E Ink’s display technology is often found in eReaders and sometimes used in digital signage and other items, like smartphones and laptops. But a few years ago the company introduced a new large format solution called Prism that was designed for architecture and design projects.

Now E Ink has announced that the San Diego International Aiport and design firm Ueberall have deployed the “first large-scale deployment of E Ink’s Prism technology that will be accessible to the public view.”

The project is called DAZZLE, and it consists of more than 2,000 E Ink Prism display panels have been placed around the airport’s new rental car center to create an interactive mural along the 1,600 foot long facade.

Each tile includes an electronic paper display and a wireless transmitter, allowing a central host computer to program the changing visual effects that play out on the screens. And each tile has its own integrated solar cell for power.

Like the E Ink displays used in eBook readers, the display tiles are reflective, which means they’re visible in sunlight without any additional illumination. And they’re low-power, since they can display a static image indefinitely and only consume electricity when the image being displayed is changed.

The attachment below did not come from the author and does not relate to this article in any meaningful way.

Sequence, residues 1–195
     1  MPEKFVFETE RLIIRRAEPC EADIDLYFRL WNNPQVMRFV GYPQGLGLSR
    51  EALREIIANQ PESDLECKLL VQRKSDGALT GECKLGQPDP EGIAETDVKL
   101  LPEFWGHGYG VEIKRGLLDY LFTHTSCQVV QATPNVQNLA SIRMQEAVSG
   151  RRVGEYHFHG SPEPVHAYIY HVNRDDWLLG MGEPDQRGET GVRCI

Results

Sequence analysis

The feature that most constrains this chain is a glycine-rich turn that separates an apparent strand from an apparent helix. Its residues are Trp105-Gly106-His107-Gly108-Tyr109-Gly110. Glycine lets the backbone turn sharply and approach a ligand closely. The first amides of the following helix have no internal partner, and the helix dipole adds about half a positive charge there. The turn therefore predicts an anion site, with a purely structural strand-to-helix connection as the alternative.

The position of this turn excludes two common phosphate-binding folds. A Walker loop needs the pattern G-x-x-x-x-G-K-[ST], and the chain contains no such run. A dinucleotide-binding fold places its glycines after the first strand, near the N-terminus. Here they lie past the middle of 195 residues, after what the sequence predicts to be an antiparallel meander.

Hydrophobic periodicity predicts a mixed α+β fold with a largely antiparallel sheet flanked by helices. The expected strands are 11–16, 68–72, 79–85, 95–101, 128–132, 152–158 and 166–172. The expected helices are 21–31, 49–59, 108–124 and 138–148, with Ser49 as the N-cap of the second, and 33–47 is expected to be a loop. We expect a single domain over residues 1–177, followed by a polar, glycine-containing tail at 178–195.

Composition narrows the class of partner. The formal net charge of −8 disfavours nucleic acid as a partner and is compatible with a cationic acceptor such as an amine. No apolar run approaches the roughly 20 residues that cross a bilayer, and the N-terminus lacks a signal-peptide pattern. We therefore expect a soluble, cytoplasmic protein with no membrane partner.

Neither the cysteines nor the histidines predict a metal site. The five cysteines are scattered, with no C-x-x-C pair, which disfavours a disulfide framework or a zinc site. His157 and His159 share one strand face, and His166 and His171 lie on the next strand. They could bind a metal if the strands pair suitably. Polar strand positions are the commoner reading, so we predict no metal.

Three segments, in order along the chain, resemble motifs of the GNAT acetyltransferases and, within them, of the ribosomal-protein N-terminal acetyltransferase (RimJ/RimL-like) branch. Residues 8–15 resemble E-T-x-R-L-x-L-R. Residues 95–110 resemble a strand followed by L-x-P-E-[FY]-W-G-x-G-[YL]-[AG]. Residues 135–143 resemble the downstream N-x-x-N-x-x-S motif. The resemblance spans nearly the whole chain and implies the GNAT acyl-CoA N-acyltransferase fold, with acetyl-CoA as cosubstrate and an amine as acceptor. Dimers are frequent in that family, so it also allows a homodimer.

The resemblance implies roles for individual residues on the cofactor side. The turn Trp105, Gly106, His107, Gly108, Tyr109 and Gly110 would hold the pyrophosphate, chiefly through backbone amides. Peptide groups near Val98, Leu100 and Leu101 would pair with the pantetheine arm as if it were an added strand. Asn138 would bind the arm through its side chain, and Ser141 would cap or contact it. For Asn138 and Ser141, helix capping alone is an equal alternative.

While E Ink’s Prism displays are available in seven different color options, this outdoor installation uses greyscale only.

What does this mean for the future of the screen technology used in Kindle and NOOK devices? Not much, really. But it does show that the company behind that technology has another revenue stream.

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2 replies on “E Ink architecture: San Diego airport installs 2,000 Prism screens outdoors”

  1. I was curious about whether the panels are broken down into more than one pixel, but it appears not. It’s easier to get a feel for the project on the Ueberall page here


    In the animations and video there, it’s easier to see the panels are parallelograms, and overall the appearance is reminiscent of flip-dot displays.

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